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Wrapping it all up

Listen to Dr. Mathei as he summarizes the learning from this course.
Social media can tell us what people do or do not. What they feel, what they hated and how much their networks of support contribute to their thoughts and actions. I mentioned earlier our study about people’s reaction to Hurricane Sandy. We looked at over 40,000 tweets and we learned that, first of all, people tended to move away from danger. We did this by calculating the average place of their location at the beginning of the storm and comparing it to the average value of their location at the end. This map shows how the people who tweeted about Sandy moved inland and away from the path of the hurricane.
Moreover, we found out that the people who talked a lot about the storm and who expressed that interest in the latest news about it, were more likely to go out during the storm, exposing themselves to more danger. Sometimes a bit of reflection and distancing about an emergency situation can make you safer. Finally, we found that those that had more friends were more likely to stay away from danger. Could it be that a broader network of friends can act as an early warning system feeding you the needed information to stay safe? Social media analytics is, to a certain degree, alchemy.
The goal of alchemy was to turn one thing, usually of less value, into another, usually very valuable, such as lead into gold. Social media analystics turns people’s random thoughts, musings, words, pictures, and the links they stumble upon into actionable information. This is done by the magic of the tabular format, rows in a table are cases or things to be analyzed, tweets, posts, users. The columns are the characteristics, number of likes, favorites, etc. More important, the column’s characteristics are derived from behaviors. A like is the product of liking, it implies approval or support. The question that becomes, why did this person liked this tweet?
We find the answer to this question by scanning all the those that like social media content the same way and so on. Social media analytics isn’t the end about simplifying and empowering, it gives you the power to comprehend at a glance what trends and common characteristics across people and types of content emerge where and for what reason. It is compared to other forms of data collection cheaper. At least for unit of information and easier to collect. However, the content is not always of even quality. Anyone with a computer can create an online presence.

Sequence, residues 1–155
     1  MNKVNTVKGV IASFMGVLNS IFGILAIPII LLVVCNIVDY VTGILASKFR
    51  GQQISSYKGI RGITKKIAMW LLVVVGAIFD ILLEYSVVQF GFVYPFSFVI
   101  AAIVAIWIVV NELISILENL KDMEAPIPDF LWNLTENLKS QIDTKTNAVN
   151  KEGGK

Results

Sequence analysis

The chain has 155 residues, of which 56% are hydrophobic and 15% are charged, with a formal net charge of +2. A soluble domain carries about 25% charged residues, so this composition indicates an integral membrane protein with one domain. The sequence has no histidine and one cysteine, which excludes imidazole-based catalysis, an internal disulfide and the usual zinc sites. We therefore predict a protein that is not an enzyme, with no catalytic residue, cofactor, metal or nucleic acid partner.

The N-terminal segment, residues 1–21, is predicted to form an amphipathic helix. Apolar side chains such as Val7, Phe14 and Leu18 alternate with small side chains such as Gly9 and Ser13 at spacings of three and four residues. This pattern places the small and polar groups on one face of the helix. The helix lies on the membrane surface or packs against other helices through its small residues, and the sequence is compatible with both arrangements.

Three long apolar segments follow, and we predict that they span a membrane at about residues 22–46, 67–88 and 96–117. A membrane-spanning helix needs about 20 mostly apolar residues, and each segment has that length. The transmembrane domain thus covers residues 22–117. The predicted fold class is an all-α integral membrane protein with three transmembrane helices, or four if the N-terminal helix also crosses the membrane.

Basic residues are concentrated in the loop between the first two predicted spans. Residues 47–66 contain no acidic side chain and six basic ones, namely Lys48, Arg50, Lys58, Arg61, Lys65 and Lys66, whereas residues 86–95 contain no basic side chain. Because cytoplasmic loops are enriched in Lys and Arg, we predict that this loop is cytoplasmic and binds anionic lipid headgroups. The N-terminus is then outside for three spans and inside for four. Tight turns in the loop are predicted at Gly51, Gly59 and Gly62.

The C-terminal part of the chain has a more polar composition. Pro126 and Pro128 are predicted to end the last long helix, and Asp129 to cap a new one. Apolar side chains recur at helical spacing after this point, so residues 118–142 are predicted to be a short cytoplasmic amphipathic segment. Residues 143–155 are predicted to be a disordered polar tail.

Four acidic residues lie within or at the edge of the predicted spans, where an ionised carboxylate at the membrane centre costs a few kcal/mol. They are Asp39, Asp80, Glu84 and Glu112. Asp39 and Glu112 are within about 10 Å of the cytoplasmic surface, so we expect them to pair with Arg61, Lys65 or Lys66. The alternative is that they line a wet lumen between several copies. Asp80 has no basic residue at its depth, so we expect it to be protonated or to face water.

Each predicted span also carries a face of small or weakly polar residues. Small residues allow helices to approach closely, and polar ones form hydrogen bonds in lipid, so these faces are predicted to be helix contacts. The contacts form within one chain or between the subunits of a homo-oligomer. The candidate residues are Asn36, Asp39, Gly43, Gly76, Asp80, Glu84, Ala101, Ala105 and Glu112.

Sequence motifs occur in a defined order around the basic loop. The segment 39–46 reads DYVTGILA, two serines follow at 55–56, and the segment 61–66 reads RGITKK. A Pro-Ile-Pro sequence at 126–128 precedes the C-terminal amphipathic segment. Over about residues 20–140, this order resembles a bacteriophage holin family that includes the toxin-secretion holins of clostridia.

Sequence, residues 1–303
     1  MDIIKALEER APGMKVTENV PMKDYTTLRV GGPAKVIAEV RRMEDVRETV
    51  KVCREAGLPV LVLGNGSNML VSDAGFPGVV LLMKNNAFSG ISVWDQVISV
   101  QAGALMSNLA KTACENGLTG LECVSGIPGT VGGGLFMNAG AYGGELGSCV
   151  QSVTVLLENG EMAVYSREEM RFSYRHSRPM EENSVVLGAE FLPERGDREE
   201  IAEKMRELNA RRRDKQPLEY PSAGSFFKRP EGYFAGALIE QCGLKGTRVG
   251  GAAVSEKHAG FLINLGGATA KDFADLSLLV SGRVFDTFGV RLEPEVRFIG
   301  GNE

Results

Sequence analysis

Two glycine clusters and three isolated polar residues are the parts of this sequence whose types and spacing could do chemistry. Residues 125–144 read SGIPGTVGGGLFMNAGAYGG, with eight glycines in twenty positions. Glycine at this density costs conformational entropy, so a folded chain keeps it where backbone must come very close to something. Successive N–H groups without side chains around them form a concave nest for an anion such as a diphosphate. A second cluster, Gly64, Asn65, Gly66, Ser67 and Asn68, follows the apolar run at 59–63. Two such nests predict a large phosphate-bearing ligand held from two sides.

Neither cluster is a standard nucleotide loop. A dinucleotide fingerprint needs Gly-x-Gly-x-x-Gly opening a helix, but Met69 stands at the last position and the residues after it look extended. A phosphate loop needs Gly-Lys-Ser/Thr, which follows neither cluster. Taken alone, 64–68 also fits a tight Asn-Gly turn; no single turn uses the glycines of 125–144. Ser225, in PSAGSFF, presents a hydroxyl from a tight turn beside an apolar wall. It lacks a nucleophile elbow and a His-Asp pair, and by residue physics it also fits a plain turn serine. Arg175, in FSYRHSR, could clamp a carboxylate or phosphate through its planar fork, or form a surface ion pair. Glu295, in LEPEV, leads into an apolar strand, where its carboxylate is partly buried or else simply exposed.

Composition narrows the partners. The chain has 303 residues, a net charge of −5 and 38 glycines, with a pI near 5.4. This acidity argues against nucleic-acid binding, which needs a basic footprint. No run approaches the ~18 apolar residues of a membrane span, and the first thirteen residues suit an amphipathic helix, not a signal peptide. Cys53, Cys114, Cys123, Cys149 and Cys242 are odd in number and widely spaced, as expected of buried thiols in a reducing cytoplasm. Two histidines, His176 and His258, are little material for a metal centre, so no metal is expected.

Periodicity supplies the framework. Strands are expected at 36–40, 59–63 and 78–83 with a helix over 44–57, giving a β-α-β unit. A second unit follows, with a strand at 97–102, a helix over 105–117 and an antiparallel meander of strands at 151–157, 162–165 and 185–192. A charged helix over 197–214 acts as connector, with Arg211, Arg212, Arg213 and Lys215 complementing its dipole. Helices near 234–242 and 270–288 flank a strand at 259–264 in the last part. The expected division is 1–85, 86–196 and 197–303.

Some are there for the purpose to pollute the online medium, spam, conspiracy theories or simple idle thoughts make it hard to figure out what is good and what is bad. Sometime we do not even know if that stuff is human generated or not. In a word, for each benefit we need to look out for potential difficulties. Yet, social media analysis promises much and can give us just as much.
In these three weeks, we have seen how social media analytics is like alchemy, turning something of lesser value (social media data) into something of greater value (business intelligence and actionable insights) that can help organisations make better decisions.
The opening example of Superstorm Sandy demonstrated that human activity on social media generated large volumes of data that became very valuable when interpreted (like keeping people away from danger). Analysts used spreadsheets to categorise and interpret the data and were able to extract actionable insights from the thousands of tweets to develop timely intelligence.
Now, you have successfully learned that there are both opportunities and limitations of using data from the social media that your business owns. You are also now able to meaningfully reflect and strategise on how to design and use social media analytics to interpret data and draw out actionable insights.
Congratulations on completing this course! You now know how social and digital media information can be turned into business intelligence!
This is the first course in the program, Social and Digital Media Analytics for Business Communication. Within the program, you will further explore how to identify and use social media as a source of business intelligence and behavioral analytics, how to quantify human behavior, how to engage in simple social media data mining, and how to interpret the findings into data-driven recommendations for an organization. The program will launch in 2019. Course topics include:
  • Building a Research Plan to Analyze Social Media
  • Leveraging Data through Owned Media
  • Increasing Online Presence through Earned Media
  • Promoting the Message through Paid Media
  • Advanced Analytics – Extracting and Leveraging “Listening Data”
  • Assessment – Putting It All Together
We hope that you will continue to reflect on what you have learned and continue to develop the skills you have gained. Feel free to leave any comments.
Students who upgrade and complete the first 6 courses in the program will be eligible to take the final assessment course. Upon completion of the assessment course, students that apply and are admitted to Purdue’s online Master of Science in Communication program can submit to have their completed FutureLearn program count as 3 credits towards the degree.
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Digital Media Analytics: Introduction

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